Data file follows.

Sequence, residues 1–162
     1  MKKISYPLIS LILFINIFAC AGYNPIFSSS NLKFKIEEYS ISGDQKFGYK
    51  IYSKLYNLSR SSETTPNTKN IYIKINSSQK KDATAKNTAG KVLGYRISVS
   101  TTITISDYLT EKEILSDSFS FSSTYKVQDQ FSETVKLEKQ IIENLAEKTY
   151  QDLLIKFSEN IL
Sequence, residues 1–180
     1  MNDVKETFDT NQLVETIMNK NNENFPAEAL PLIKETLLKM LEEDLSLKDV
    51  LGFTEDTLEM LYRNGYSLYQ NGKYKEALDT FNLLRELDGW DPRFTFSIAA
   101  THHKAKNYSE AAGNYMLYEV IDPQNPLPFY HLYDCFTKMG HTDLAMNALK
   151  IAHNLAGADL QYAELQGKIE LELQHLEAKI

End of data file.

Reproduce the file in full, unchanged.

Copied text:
Sequence, residues 1–162
     1  MKKISYPLIS LILFINIFAC AGYNPIFSSS NLKFKIEEYS ISGDQKFGYK
    51  IYSKLYNLSR SSETTPNTKN IYIKINSSQK KDATAKNTAG KVLGYRISVS
   101  TTITISDYLT EKEILSDSFS FSSTYKVQDQ FSETVKLEKQ IIENLAEKTY
   151  QDLLIKFSEN IL
Sequence, residues 1–180
     1  MNDVKETFDT NQLVETIMNK NNENFPAEAL PLIKETLLKM LEEDLSLKDV
    51  LGFTEDTLEM LYRNGYSLYQ NGKYKEALDT FNLLRELDGW DPRFTFSIAA
   101  THHKAKNYSE AAGNYMLYEV IDPQNPLPFY HLYDCFTKMG HTDLAMNALK
   151  IAHNLAGADL QYAELQGKIE LELQHLEAKI